Christopher C. Bowen facts for kids
Quick facts for kids
Christopher Columbus Bowen
|Member of the U.S. House of Representatives
from South Carolina's 2nd district
July 20, 1868 - March 3, 1871
|Preceded by||William P. Miles (1860)|
|Succeeded by||Robert C. De Large|
|Member of the South Carolina House of Representatives from Charleston County|
December 2, 1871 – March 13, 1872
January 5, 1832|
Providence, Rhode Island
|Died||June 23, 1880
New York, New York
|Resting place||Charleston, South Carolina|
|Allegiance||Confederate States of America|
|Branch/service||Confederate States Army Coast Guard|
|Years of service||1862-1865|
Christopher Columbus Bowen (January 5, 1832 – June 23, 1880) was a U.S. Representative from South Carolina.
Born in Providence, Rhode Island in 1832, Bowen attended the public schools. He moved to Georgia in 1850 as a young man, as good lands were available. There he engaged in agricultural pursuits and then studied law.
He was admitted to the bar in 1862 and commenced practice in Charleston, South Carolina. During the Civil War he enlisted in the Confederate States Army and served throughout the war as a captain in the Coast Guard. After the war, he resumed the practice of law in Charleston.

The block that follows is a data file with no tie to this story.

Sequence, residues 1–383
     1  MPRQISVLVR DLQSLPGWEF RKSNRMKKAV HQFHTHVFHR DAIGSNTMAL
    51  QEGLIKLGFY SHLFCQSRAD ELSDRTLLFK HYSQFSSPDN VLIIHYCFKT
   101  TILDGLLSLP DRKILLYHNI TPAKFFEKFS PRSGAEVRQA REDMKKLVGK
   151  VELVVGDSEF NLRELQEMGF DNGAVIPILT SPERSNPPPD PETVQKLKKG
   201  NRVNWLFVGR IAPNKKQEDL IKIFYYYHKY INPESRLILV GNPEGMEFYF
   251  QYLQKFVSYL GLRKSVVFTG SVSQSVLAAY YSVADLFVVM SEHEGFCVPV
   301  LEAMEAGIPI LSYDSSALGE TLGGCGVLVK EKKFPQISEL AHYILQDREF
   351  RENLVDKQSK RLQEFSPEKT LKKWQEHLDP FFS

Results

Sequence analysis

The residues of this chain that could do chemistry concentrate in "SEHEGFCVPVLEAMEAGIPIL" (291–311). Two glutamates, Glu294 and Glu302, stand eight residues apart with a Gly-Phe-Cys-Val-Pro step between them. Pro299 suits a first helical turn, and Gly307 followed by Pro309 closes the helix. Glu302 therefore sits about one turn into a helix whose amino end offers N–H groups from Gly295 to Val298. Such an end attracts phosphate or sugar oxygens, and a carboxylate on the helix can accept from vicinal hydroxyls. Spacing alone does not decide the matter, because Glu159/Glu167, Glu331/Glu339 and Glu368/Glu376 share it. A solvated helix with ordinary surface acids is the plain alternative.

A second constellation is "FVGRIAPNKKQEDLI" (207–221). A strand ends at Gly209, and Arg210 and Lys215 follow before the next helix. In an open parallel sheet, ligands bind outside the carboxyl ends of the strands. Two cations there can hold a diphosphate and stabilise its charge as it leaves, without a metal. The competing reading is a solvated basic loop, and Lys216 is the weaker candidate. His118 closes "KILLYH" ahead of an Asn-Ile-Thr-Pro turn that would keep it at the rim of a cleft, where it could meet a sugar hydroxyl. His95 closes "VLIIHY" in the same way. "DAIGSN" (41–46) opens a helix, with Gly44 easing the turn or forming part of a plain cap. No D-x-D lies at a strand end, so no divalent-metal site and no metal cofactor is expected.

Bowen served as a member of the Republican State convention at Charleston in May 1867. He then served as the first chairman of the South Carolina Republican State central committee. He served as delegate to the State constitutional convention in November 1867.
Upon the readmission of South Carolina to the Union in 1868, he was elected as a Republican to the Fortieth and Forty-first Congresses and served from July 20, 1868, to March 3, 1871.
He was an unsuccessful candidate for reelection in 1870 to the Forty-second Congress, being defeated by Robert De Large, also a Republican. He challenged the victory by De Large, but the Election Committee took a long time to rule in the case. He served as a member of The South Carolina House of Representatives from 1871 to 1872, and was elected sheriff of Charleston in November 1872.
The Election Committee declared that there were so many irregularities in the 1870 election that they could not declare a victor and demanded the congressional seat be made vacant in 1873.
Bowen died in New York City, June 23, 1880. He was interred in St. Laurence Cemetery, Charleston, South Carolina.